of training for staff

Moggi, F.,      USA     Dual diagnosis        981        Coping skills                             Better general & substance specific
Ouimette, P.C.,                                                                                    coping skills predict better outcome
R.H. (1999)

Nunes, E.V.,      USA   Opioid dependence 137      Treatment with imipramine              An effective antidepressant in this
Quitkin, F.M.,          &                                                                 group
Donovan, S.J., et       depression

O' Boyle, M.,   USA     Substance abuse    103     Study of personality and suicide Females & polydrug users more
Brandon, E.A.A.                                    attempts                         likely to attempt suicide

Oyefeso,     A., UK     Suicide among drug 69880   Examination of data on deaths of Addicts are at higher risk of suicide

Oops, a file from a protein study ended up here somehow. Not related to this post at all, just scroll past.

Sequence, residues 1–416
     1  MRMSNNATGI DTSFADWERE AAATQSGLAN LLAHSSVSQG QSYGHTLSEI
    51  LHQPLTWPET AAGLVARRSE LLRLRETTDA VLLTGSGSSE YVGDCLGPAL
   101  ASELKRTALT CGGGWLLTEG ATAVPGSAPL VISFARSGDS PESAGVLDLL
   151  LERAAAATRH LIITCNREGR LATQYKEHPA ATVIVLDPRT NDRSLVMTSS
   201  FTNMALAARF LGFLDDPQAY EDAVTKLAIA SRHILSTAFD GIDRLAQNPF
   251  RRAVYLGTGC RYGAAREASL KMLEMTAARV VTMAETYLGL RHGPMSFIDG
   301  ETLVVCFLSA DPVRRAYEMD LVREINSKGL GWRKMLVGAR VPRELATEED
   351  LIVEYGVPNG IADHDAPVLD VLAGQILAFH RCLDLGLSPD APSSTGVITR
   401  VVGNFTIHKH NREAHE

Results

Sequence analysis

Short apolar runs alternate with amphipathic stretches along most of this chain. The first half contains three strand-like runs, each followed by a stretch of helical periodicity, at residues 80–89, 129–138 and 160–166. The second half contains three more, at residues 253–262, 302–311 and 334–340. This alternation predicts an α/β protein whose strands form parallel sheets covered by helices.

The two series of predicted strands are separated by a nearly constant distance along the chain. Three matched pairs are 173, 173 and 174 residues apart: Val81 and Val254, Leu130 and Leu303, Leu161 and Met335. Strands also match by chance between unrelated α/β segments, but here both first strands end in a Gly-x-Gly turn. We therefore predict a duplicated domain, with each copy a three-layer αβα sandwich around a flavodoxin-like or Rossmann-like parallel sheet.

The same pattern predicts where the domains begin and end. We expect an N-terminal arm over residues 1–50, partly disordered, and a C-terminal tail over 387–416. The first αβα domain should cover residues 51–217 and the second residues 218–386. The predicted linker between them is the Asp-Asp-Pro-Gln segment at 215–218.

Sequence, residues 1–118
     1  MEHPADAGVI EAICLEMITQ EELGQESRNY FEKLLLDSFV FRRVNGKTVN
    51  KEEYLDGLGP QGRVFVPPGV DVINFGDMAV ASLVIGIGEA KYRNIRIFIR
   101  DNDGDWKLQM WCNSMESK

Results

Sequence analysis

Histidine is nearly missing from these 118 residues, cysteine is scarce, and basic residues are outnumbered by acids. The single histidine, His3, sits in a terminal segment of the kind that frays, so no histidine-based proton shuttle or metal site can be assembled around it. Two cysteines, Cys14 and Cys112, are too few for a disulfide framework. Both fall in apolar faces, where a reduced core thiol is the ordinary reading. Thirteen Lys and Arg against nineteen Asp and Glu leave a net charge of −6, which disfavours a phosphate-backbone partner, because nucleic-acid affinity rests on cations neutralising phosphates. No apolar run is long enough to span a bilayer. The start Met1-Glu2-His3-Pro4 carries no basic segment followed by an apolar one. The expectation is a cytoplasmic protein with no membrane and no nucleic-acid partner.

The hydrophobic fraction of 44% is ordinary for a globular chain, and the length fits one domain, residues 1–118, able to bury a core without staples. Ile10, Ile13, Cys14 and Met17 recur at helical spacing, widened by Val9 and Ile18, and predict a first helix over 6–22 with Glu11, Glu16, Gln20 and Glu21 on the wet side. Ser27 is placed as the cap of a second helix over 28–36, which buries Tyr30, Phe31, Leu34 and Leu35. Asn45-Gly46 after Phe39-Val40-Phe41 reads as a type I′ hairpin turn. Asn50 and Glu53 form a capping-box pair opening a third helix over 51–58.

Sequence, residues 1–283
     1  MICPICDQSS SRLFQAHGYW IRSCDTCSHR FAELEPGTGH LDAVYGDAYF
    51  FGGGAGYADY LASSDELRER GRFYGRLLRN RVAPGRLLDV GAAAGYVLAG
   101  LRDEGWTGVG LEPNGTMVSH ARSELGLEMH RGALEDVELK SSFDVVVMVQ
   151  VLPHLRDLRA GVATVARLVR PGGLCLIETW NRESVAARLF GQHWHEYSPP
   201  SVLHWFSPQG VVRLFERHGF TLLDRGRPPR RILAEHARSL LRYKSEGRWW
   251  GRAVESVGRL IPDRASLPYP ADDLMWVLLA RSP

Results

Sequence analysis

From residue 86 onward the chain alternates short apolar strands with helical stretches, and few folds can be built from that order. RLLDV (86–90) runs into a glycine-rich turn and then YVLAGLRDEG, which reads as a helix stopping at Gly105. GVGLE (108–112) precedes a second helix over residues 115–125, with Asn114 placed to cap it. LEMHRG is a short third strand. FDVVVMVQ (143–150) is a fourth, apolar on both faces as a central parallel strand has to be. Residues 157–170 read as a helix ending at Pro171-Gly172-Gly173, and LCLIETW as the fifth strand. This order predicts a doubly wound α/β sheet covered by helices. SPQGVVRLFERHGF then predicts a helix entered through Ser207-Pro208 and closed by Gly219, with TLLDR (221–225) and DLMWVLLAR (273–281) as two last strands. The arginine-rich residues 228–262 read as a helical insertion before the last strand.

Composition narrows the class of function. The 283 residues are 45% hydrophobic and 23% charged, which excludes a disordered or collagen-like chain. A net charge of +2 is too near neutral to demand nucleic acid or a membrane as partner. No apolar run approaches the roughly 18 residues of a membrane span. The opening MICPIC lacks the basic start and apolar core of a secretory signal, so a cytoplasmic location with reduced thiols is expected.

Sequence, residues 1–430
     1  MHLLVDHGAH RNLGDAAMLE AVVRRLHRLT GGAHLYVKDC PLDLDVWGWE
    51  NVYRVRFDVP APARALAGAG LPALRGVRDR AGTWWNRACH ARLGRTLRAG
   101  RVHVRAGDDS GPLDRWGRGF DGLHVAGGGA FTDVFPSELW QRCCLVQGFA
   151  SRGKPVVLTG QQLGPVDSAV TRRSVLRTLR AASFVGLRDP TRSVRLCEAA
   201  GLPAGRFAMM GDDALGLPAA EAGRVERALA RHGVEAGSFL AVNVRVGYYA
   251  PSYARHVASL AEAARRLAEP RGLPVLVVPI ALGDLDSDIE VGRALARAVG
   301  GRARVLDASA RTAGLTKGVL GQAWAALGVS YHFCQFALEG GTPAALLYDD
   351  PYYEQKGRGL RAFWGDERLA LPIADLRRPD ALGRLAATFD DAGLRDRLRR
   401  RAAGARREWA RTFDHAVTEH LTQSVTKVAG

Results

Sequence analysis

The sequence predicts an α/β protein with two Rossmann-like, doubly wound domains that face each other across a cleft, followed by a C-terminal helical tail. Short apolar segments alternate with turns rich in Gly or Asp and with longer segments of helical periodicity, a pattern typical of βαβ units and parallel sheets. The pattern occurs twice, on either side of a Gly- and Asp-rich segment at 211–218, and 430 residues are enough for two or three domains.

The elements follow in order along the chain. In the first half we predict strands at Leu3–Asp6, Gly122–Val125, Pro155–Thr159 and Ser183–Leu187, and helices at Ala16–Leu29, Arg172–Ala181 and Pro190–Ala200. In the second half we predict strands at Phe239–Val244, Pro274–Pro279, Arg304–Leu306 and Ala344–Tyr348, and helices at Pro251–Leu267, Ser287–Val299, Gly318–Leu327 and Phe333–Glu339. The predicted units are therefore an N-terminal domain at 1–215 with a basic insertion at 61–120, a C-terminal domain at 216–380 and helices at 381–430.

Ghodse,      H.,        addicts                    notified drug addicts            than    the     general     population.
Clancy,      C.,                                                                    Methadone       and     antidepressants
Corkery    J.M.                                                                     influence this heightened risk

Ouimette, P.C., USA     Substance abuse    1873    12-step vs CBT programmes              No advantage to patient matching
Finney,                 In males
J.W.,Gima, K.,
et al

Pages, K.P.,     USA    In-patients with   891     The role of SUD in suicidal ideation   SUD is associated with suicidal
Russon, J.E.,           major depression                                                  ideation
Roy-Byrne, P.P.,
et al

Penk, W.E.,     USA     Psychiatric in-   496      Difference between SCZ +/- substance Dually diagnosed more behaviourally
Flannery, R.B.,         patients – SCZ+/-          abuse                                disorganised & more socially
Irvin, E.,              substance abuse                                                 competent
et al (2000)

Post Ahrens, M. USA        Psychiatric in-        300        Dual disorder treatment during in- Good acceptability to those receiving
(1998)                     patients                          patient stay                       it

Regier, D.A.,        USA   adult      population 20291       Prevalence of anxiety, mood and Anxiety disorders have early onset,
Rae, D.S.,                 sample                            addictive disorders             predisposing to major depression and